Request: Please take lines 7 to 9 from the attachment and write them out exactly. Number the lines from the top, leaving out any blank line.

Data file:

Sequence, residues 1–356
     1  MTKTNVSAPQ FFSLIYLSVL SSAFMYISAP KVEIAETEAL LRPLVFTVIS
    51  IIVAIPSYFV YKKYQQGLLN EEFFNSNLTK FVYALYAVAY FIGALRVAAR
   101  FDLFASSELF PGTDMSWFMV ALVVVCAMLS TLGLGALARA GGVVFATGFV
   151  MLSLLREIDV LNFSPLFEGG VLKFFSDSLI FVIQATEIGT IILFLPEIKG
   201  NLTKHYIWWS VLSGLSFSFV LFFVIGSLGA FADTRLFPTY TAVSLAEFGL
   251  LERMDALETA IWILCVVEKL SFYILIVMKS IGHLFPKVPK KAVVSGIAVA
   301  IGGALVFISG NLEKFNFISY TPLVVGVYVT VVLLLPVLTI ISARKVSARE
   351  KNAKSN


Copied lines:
   251  LERMDALETA IWILCVVEKL SFYILIVMKS IGHLFPKVPK KAVVSGIAVA
   301  IGGALVFISG NLEKFNFISY TPLVVGVYVT VVLLLPVLTI ISARKVSARE
   351  KNAKSN